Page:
Free for NYC High School Students

Go here for the MoMA link.

High School Programs

Friday Night at the Movies

Fridays, 4:00–8:00 p.m.

The Celeste Bartos Theater in the Lewis B. and Dorothy Cullman Education and Research Building, 4 West 54 Street, between Fifth and Sixth avenues

Join The Museum of Modern Art for free screenings of classic and current movies. Talk with film curators, filmmakers, educators, and your peers. This free drop-in program is for high school students only. No need to sign up. Just show up! Free pizza and soda. Pizza is served from 4:00 to 4:30 p.m. Program starts at 4:45 p.m. For more information, please call (212) 708-9828. Admission is first come, first served.

What's So Funny?

What makes you laugh? Why is it funny when someone slips on a banana peel or when people get into sticky situations? Is a pie in the face, an unlikely case of mistaken identity, or bathroom humor always funny, or does our idea of what’s funny change over time? In this series we will watch classic and contemporary comedies and you can judge for yourself.

October 20

Classic comedy shorts, including films featuring Charlie Chaplin, The Three Stooges, Tom and Jerry, and Lucille Ball

October 27

Mean Girls. 2004. Directed by Mark Waters

November 3

Some Like It Hot. 1959. Directed by Billy Wilder

November 10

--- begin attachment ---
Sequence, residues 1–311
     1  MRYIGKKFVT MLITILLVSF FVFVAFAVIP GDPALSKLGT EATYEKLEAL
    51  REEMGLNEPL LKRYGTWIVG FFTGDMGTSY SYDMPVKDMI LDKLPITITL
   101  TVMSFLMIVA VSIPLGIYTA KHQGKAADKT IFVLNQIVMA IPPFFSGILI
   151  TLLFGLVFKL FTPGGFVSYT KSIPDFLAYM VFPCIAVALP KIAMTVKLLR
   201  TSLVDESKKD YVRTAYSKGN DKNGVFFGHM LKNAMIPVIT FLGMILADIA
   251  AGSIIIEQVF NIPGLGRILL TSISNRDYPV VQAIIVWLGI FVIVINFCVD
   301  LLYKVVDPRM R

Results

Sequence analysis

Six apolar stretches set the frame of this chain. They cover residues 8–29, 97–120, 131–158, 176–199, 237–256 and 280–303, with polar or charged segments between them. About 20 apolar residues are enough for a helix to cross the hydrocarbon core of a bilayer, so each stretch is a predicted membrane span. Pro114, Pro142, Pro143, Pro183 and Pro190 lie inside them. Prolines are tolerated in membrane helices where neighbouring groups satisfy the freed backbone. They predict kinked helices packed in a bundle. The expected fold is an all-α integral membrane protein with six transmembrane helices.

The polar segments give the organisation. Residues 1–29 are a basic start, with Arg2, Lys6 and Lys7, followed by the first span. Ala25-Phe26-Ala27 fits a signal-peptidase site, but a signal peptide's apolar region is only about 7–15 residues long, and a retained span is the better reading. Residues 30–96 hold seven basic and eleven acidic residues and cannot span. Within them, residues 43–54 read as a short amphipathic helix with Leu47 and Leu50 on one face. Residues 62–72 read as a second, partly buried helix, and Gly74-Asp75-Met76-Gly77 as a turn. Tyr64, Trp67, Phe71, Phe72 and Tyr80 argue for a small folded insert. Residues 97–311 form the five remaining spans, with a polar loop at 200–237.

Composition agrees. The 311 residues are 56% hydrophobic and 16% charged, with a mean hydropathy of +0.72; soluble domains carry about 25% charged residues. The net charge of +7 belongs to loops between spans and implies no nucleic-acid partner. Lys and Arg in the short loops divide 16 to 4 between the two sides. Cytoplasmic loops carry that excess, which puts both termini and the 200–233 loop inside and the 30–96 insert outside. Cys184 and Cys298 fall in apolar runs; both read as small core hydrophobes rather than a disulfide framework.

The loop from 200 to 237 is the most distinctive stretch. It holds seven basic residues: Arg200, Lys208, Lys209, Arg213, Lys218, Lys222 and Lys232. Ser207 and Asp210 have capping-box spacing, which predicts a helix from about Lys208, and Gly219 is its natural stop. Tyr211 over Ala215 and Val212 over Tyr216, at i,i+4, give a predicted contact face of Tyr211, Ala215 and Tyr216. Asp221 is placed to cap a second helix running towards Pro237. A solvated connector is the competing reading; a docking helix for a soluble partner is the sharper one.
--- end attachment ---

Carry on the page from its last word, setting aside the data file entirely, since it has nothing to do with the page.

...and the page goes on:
Monty Python and the Holy Grail. 1975. Directed by Terry Gilliam

November 17

Trading Places. 1983. Directed by John Landis

December 1

House Party. 1990. Directed by Reginald Hudlin

February 2

Best in Show. 2000. Directed by Christopher Guest

February 9

The Princess Bride. 1987. Directed by Rob Reiner

Students must bring a valid high school ID.

If you are interested in bringing a class to this program, you must call to make a reservation.

For more information, please call School Programs at (212) 708-9828 or e-mail highschoolprograms@moma.org.


A and Bela Lugosi

...share the same birthday. Which was yesterday.*

We have a personal joke, after having watched "Capote" (with Philip Seymour Hoffman as Capote). In a scene where Truman Capote stands before the small-town cop and says, "Bergdorf's" -- the small-town cop looks at him, totally perplexed, and Capote explains, pointing to the cashmere around his neck, "Bergdorf's. The scarf is from Bergdorf's." A does a wonderful imitation of PSH as Capote in that scene, and springs it on me when I least expect it, as a reference to innocent obliviousness of what is actually the matter at hand.